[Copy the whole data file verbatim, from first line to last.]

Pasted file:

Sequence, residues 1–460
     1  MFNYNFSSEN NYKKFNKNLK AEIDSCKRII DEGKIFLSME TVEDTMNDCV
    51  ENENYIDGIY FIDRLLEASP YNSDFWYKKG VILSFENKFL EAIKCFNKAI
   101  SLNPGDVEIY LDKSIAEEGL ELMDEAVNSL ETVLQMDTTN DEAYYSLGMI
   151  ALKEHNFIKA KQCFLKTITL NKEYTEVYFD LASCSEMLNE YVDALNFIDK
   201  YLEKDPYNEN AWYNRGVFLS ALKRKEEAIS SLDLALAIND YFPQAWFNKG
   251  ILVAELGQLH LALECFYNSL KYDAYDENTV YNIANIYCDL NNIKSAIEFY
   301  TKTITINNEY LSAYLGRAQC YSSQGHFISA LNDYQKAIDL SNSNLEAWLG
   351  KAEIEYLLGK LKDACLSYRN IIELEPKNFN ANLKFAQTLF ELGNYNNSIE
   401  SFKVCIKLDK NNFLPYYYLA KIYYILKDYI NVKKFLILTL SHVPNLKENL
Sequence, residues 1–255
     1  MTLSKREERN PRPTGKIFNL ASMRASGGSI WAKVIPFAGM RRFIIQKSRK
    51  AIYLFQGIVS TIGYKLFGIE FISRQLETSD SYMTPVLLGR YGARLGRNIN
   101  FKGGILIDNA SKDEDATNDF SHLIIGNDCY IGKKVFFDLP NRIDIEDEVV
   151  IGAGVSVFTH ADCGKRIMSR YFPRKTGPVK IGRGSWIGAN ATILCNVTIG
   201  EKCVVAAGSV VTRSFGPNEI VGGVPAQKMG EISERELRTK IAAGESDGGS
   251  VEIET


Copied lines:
Sequence, residues 1–460
     1  MFNYNFSSEN NYKKFNKNLK AEIDSCKRII DEGKIFLSME TVEDTMNDCV
    51  ENENYIDGIY FIDRLLEASP YNSDFWYKKG VILSFENKFL EAIKCFNKAI
   101  SLNPGDVEIY LDKSIAEEGL ELMDEAVNSL ETVLQMDTTN DEAYYSLGMI
   151  ALKEHNFIKA KQCFLKTITL NKEYTEVYFD LASCSEMLNE YVDALNFIDK
   201  YLEKDPYNEN AWYNRGVFLS ALKRKEEAIS SLDLALAIND YFPQAWFNKG
   251  ILVAELGQLH LALECFYNSL KYDAYDENTV YNIANIYCDL NNIKSAIEFY
   301  TKTITINNEY LSAYLGRAQC YSSQGHFISA LNDYQKAIDL SNSNLEAWLG
   351  KAEIEYLLGK LKDACLSYRN IIELEPKNFN ANLKFAQTLF ELGNYNNSIE
   401  SFKVCIKLDK NNFLPYYYLA KIYYILKDYI NVKKFLILTL SHVPNLKENL
Sequence, residues 1–255
     1  MTLSKREERN PRPTGKIFNL ASMRASGGSI WAKVIPFAGM RRFIIQKSRK
    51  AIYLFQGIVS TIGYKLFGIE FISRQLETSD SYMTPVLLGR YGARLGRNIN
   101  FKGGILIDNA SKDEDATNDF SHLIIGNDCY IGKKVFFDLP NRIDIEDEVV
   151  IGAGVSVFTH ADCGKRIMSR YFPRKTGPVK IGRGSWIGAN ATILCNVTIG
   201  EKCVVAAGSV VTRSFGPNEI VGGVPAQKMG EISERELRTK IAAGESDGGS
   251  VEIET